Elder is anti LGBTQ and anti-abortion.  He has a long history of making sexist remarks about women.  He wasn't going to be the next governor.  Even if the recall had succeeded -- and it didn't and wasn't going to as was obvious weeks before it took place -- Larry would not be governor of California.  


Alexandra Datig's charges of abuse and the past harassment accusations against him -- which he himself once found worth discussing -- meant he wasn't getting to the governor's mansion.


Ahnuld wouldn't have if he hadn't had Maria lying to the state and pulling him across the finish line.  


Since we're on the recall.  E-mails to the public account said that in Wednesday's snapshot I attacked THE CONVO COUCH and Rose McGowan.


A) I didn't attack THE CONVO COUCH.  I noted that they hated Gavin Newsom.  I noted that I posted every video they did against Gavin.  I did not use this site (misuse it) to promote Gavin.


B) I didn't attack Rose.  I noted that I was accused of censoring her because I didn't carry her endorsement of Larry.  That's all I said besides her endorsement came far too late to make any difference.  I didn't bring up the abuse of women and harassment and ask, "How could you, Rose!"  I didn't do that because Rose can make up her own mind.  I'm sure she knew of the charges.  She may have looked into them and found them to be questionable or not real. She's a grown woman, she can make her own evaluations.  


What she said of Gavin's wife?  Bothered that she felt she could accuse someone based upon a story she presents as a woman (Gavin's wife) calls her, says one sentence to her and Rose, by her story, hangs up on the woman.  Then Rose goes on to tell that story with the motives  behind the call -- from one sentence, mind you -- known by Rose and the motives being pure evil.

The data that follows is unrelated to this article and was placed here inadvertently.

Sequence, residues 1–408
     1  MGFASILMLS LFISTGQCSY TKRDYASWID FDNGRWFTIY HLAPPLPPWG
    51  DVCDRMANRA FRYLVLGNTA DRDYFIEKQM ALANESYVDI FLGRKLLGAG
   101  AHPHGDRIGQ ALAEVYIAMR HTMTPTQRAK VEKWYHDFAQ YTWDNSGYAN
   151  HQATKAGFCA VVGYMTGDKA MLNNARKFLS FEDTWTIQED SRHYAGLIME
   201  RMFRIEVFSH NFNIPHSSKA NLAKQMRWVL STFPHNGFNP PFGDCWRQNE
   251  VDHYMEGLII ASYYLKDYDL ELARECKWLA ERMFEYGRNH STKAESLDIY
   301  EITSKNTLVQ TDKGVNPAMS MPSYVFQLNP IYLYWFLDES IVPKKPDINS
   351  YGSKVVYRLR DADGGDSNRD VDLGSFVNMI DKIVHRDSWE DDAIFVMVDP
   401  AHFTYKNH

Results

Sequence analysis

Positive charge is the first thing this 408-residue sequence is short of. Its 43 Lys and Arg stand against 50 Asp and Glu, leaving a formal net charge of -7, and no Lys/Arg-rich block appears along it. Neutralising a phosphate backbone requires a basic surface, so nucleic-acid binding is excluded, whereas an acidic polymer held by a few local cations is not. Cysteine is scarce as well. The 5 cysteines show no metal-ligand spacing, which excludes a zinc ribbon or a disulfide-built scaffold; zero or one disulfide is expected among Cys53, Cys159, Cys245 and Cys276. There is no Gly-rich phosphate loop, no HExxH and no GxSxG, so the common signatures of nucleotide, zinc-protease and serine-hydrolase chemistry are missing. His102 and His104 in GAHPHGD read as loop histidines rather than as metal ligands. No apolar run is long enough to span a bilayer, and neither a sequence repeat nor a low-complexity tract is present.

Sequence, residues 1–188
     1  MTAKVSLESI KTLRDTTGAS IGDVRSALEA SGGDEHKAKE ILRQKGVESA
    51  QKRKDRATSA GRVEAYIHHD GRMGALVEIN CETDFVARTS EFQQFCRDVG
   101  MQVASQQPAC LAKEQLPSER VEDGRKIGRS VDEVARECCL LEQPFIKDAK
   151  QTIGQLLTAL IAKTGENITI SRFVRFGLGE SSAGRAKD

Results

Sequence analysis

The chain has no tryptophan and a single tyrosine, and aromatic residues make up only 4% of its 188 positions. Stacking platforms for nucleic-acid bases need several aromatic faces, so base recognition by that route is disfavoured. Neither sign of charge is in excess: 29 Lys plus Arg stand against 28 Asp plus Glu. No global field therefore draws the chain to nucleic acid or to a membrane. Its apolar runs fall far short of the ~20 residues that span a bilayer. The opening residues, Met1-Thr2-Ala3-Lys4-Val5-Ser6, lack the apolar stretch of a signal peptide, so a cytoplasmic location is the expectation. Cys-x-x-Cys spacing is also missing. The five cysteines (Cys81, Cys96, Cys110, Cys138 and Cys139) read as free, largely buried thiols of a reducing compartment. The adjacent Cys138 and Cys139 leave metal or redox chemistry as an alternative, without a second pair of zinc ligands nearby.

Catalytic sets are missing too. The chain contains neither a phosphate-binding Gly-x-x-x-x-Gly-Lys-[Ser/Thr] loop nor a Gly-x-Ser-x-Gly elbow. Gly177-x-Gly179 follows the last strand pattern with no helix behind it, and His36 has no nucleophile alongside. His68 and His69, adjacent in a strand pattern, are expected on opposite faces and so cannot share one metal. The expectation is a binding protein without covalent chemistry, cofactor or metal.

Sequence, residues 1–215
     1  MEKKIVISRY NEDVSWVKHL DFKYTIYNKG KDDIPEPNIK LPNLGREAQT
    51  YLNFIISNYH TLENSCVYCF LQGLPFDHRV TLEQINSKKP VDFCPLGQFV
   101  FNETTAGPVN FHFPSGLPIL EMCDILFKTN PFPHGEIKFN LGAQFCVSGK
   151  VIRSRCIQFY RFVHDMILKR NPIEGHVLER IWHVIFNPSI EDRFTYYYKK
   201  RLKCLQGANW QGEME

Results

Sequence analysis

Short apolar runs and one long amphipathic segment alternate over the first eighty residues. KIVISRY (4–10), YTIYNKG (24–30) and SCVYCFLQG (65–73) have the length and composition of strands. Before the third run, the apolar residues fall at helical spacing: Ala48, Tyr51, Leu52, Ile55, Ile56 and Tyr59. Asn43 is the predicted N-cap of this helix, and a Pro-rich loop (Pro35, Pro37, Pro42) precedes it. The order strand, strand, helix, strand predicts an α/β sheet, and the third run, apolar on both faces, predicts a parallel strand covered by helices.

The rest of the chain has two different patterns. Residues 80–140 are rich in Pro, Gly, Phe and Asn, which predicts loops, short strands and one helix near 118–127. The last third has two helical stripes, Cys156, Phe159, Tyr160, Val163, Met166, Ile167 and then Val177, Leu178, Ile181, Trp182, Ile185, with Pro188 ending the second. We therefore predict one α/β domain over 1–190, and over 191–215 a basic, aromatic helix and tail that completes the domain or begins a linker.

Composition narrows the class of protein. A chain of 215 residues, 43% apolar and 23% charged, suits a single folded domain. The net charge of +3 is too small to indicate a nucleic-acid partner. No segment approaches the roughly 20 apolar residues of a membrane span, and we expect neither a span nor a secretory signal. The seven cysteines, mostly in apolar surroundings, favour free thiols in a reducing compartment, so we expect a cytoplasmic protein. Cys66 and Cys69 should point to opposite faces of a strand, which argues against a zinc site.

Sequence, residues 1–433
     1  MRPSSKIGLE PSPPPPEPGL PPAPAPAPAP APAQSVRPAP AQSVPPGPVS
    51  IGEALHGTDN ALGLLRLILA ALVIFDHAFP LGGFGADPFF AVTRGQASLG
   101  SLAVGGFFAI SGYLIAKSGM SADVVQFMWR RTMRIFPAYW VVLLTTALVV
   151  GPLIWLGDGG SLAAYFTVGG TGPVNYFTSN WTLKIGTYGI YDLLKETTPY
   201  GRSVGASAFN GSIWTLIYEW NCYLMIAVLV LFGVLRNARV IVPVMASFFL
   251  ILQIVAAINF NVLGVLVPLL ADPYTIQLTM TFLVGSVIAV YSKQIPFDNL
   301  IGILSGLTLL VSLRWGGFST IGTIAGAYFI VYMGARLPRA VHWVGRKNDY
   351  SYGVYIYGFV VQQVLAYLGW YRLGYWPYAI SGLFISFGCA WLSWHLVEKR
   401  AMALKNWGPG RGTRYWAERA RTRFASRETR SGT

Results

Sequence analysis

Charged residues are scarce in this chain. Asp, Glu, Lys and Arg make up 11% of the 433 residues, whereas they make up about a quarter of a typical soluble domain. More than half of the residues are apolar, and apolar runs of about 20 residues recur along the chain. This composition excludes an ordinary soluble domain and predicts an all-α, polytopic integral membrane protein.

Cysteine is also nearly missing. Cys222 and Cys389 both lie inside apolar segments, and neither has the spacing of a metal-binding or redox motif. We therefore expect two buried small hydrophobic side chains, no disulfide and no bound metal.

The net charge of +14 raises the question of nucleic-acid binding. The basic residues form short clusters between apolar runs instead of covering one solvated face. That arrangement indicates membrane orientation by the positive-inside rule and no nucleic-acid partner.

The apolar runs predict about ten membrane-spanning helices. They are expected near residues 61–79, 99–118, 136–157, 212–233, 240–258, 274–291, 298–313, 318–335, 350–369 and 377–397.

It seems a bit much.  If Rose wanted to characterize the phone call, then maybe she should have stayed on it long enough to find out what it was about?

(I'm concerned about Rose but as a mutual friend said, "After [the story about the phone call with Gavin's wife] I'm scared to death to call her.")


That's not an attack on Rose -- I think that's common sense advice to anyone.


I am not upset with Rose.  She's been under intense pressure and a lot of people have worked to destroy her.  It's natural that she's going to inspect every interaction.    She needs to center herself.  Since THE KATIE HALPER SHOW appearance, I've been worried about Rose.  She kept talking over Katie -- and she continues to do that in every appearance.  Why is that?


She doesn't feel heard.  I understand that.  But you watch and she is being heard.  Katie, Jimmy Dore, the others are listening and trying to have a conversation.  She's been wronged repeatedly since coming forward.  But she needs to center herself because not everyone's out to destroy her.  


Rose is a great actress and she's shown true bravery.  If she continues as she is at present, she's going to burn herself out.  That's my concern for Rose.  And I don't hate her, I don't dislike her, and I'm not attacking her.  I'm proud of her and I want to know she's going to find joy and happiness again.